The game is slowing down for Henry

The game is slowing down for Henry


The game is slowing down for Henry


At the beginning of last season, things moved fast for K.J. Henry. After redshirting during the 2018 season, each play and rep was a blur for the Clemson defensive end as he saw his first significant college football action, and he did a little bit too much thinking on the field, trying to understand his assignment on every down as opposed to simply reacting to what the offense was doing.

But over the course of the season, as his knowledge of the defense continued to grow, Henry gained more confidence and it allowed him to play freer and more instinctively. He finished the 2019 season with 22 tackles (4.5 for loss), two sacks and three pass breakups in 350 snaps across 15 games.

“If I didn’t have confidence in myself, then I wouldn’t have made any plays,” Henry said, reflecting on last season. “So definitely the growth through the season, from beginning to end, my confidence grew in me. My teammates had more confidence in me and that helped me play a lot better, too. So, my confidence, that comes into how you play, how fast you play, all those things.”

Henry’s confidence showed up during the nine practices Clemson had in its limited spring this year before everything was shut down due to COVID-19.

Now in his third year at Clemson as a redshirt sophomore, it is all starting to come together for Henry, who knows his role on the defense, what defensive coordinator Brent Venables wants him to do and is able to better read offenses and recognize their backfield sets.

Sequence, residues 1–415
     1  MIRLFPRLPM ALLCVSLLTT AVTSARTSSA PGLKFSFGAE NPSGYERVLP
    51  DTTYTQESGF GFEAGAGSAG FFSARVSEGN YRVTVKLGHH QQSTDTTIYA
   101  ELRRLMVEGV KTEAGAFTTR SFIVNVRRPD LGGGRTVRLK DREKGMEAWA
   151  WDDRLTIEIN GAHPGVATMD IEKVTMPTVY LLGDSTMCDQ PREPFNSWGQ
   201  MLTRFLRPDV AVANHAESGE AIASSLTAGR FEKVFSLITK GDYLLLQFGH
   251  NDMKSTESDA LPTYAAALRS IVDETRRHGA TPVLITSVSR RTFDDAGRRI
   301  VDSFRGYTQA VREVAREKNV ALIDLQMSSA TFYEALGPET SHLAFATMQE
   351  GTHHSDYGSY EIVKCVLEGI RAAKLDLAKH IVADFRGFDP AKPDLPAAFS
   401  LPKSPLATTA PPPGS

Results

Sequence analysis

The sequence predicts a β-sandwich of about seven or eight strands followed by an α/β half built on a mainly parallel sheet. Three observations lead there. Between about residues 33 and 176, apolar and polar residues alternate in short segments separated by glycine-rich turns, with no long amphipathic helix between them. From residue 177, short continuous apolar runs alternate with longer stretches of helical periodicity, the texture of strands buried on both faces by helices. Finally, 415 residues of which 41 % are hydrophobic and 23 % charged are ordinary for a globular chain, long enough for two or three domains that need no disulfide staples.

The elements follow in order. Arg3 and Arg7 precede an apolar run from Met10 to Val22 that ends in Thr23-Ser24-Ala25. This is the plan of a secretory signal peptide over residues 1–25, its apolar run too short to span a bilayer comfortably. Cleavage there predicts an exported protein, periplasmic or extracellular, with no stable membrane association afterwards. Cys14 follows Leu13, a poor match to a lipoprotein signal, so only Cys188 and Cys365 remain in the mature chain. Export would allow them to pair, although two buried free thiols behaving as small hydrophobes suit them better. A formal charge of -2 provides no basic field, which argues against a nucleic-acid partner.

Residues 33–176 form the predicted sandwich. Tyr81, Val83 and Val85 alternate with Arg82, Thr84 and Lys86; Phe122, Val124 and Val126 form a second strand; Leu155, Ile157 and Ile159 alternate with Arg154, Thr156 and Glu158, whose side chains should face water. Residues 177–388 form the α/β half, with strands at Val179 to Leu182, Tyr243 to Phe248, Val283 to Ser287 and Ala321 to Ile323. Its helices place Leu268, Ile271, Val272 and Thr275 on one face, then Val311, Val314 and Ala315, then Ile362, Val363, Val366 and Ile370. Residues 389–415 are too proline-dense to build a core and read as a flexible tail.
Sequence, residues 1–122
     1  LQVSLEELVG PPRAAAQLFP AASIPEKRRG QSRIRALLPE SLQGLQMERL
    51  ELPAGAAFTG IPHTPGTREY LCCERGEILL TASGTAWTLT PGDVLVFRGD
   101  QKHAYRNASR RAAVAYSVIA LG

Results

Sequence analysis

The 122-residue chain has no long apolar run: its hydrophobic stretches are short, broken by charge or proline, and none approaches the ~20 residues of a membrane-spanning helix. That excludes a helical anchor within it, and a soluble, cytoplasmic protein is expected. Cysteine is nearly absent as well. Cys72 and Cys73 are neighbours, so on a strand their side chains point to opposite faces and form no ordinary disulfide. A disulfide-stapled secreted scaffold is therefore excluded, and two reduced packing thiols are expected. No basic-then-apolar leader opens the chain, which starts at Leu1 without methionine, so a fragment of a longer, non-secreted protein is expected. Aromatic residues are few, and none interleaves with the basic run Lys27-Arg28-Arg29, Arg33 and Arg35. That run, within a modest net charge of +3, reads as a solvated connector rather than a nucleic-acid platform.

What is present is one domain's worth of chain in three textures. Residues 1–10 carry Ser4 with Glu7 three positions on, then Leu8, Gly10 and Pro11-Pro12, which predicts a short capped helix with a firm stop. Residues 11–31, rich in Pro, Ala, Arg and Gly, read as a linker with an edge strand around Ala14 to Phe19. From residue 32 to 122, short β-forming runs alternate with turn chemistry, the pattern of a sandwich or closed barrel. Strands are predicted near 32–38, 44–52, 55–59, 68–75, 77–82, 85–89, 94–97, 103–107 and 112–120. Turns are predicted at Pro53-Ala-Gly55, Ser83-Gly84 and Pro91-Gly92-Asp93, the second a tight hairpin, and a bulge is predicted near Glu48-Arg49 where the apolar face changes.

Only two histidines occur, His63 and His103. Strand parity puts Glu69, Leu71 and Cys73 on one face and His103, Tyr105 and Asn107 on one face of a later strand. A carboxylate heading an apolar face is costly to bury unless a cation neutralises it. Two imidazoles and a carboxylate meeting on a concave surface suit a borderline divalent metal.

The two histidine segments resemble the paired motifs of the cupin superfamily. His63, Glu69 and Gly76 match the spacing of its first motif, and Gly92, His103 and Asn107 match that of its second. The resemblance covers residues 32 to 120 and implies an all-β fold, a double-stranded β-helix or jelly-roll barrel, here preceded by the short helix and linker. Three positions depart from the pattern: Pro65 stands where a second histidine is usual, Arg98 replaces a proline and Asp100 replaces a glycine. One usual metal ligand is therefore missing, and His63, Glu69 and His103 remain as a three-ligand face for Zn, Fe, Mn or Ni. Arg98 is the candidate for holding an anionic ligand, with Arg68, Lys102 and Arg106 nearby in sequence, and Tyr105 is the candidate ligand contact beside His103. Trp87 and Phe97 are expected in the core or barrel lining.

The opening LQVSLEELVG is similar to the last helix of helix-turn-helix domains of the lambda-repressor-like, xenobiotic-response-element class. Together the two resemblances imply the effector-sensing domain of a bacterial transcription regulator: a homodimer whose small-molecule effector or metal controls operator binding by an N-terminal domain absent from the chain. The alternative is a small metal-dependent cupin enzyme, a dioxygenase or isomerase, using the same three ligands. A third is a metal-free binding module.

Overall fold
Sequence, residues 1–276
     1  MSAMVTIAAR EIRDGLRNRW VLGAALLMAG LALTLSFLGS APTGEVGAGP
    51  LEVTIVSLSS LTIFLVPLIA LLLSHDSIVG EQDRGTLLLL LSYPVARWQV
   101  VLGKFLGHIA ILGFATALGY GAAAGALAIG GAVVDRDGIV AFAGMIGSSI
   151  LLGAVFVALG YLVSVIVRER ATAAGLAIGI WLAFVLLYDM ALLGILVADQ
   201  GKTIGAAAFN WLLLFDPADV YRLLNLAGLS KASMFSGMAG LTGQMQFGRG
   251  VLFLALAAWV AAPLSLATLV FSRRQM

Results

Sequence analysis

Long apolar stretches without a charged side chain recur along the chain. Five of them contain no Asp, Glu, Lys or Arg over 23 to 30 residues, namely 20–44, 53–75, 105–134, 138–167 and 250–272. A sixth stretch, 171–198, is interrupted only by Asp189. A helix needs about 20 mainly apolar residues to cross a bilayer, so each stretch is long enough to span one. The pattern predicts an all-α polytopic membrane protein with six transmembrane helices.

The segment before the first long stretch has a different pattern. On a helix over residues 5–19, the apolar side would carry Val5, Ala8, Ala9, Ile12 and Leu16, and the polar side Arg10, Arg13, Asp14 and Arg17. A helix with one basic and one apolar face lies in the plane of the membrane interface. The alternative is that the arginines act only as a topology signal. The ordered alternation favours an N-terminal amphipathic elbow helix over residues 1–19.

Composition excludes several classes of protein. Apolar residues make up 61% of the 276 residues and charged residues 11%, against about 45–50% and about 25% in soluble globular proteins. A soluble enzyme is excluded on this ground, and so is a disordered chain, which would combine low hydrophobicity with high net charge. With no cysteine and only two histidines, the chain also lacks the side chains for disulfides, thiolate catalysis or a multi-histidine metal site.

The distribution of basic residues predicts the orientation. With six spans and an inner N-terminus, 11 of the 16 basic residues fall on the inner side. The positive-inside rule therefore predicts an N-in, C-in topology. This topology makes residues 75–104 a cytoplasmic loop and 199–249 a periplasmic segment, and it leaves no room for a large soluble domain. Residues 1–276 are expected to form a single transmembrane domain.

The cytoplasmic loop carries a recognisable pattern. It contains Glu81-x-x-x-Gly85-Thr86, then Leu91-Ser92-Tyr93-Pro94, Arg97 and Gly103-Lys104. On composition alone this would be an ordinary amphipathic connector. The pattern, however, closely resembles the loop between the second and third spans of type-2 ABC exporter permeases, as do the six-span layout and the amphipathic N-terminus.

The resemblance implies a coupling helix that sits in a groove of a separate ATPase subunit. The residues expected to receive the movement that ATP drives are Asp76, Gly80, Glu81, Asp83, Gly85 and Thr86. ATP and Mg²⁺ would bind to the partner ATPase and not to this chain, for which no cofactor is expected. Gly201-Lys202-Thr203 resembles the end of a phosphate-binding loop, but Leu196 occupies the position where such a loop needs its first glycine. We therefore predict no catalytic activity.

“I just have more confidence in what I’m doing,” Henry said. “The game’s starting to slow down. I’m starting to be able to read different things now. I don’t necessarily have to worry about the playbook as much, but just grow my IQ. So, that’s been a great part so far.”

Looking ahead to the 2020 season, Henry will be counted on as one of the veteran leaders of Clemson’s defensive end group, along with Justin Foster and Xavier Thomas.

A natural, vocal leader, Henry has no problem being a guy that younger defensive ends like Myles Murphy and Greg Williams can look up to and learn from.

“Anybody knows me, I’m always talking,” Henry said. “I feel like I’ve been a leader ever since I was young, but wasn’t necessarily as vocal my first couple of years. But it’s definitely something that I’m used to, very confident in. Now being here for my third year, only having Myles really under me, the communication’s just there. That’s really been the easiest thing. Myles has been great so far for us, and Greg, all those young guys, they’ve been great. So, it’s been really easy from a leadership standpoint. Now it’s just the communication on a day-to-day basis, just making sure we’re all on the same page. But it’s been very comfortable.”

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